Indian-American Congressman appointed to White House Coronavirus Advisory Council

Rep. Ro Khanna, D-Calif., talks to Bernie Sanders before the senator from Vermont takes the stage. In Sanders, Khanna, whose district includes Silicon Valley, found a candidate who shared his diagnosis of the country’s most vexing problems: inequality and the failures of unrestrained capitalism. (Photo by Nick Otto for The Washington Post)

Democratic Congressman Ro Khanna of California is among more than 200 individuals, appointed by the White House to its Coronavirus Advisory Council in a bid to return to economic normalcy.

The council will be advising the existing White House Coronavirus Task Force on the gradual opening up of businesses in the country.

Congressman Khanna announced April 16, 2020, that he had been on the first Advisory Council conference call with President Trump.

According to an ABCNews report the Advisory Council features prominent leaders from major industries ranging from real estate to finance to sports. Some of the big names on the Advisory Council are Amazon CEO Jeff Bezos, Apple CEO Tim Cook, and Facebook CEO Mark Zuckerberg.

“The American people need action, support, and direction from the federal government,” Khanna said in a statement.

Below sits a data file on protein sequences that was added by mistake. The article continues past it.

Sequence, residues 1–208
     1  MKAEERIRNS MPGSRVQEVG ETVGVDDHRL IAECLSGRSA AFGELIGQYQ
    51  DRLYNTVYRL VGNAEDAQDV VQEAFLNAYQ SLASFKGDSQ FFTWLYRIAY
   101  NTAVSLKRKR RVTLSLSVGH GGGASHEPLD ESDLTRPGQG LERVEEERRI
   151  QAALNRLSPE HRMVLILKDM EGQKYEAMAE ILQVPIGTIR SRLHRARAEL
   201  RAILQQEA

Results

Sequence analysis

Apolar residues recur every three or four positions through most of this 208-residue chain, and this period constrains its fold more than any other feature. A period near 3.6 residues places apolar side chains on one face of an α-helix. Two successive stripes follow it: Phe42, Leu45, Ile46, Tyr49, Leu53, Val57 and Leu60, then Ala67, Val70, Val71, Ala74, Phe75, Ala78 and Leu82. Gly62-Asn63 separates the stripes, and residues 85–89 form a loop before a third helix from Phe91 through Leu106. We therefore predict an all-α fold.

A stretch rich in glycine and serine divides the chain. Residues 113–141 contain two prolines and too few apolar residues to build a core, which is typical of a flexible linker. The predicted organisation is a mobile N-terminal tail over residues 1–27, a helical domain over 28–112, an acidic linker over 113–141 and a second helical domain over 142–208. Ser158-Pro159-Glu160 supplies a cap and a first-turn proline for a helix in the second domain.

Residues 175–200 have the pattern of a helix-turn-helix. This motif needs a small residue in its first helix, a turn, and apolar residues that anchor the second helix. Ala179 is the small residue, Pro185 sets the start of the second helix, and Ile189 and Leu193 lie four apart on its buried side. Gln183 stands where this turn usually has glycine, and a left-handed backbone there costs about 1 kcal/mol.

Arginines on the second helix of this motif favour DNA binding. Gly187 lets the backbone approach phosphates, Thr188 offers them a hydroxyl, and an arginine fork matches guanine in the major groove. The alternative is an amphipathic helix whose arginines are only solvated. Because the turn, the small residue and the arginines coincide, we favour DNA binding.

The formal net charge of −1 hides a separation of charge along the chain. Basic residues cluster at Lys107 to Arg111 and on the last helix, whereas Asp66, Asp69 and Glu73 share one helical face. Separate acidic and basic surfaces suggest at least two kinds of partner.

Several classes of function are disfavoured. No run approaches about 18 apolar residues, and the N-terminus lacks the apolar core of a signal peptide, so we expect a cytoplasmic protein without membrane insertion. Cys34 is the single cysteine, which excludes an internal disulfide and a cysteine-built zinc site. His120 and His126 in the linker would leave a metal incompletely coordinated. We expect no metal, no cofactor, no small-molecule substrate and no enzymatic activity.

“The Small Business Administration’s Paycheck Protection Program just ran out of the funds to keep Main Street afloat. Millions of Americans are filing for unemployment every week. That’s why I, along with several of my Democratic colleagues, decided to accept President Trump’s invitation to serve on the White House Coronavirus Advisory Council,” he added.

While he had differences with the President, Rep. Khanna said, “… the task at hand is too important for partisanship,” adding that he would “…  continue to fight to get working class Americans the relief they need to make it to the other side of COVID-19.”

He said he would call for “massive investment” in advanced manufacturing, in innovative scientific advancement, and in smart technology.

“Already, we have seen that America was too dependent for crucial medical equipment and electronics on China, Germany and other nations,” he noted, adding that, “Like Eisenhower did during the Cold War, we can reshape the future of American industry to rebuild our economy if we harness the power of American innovation.”




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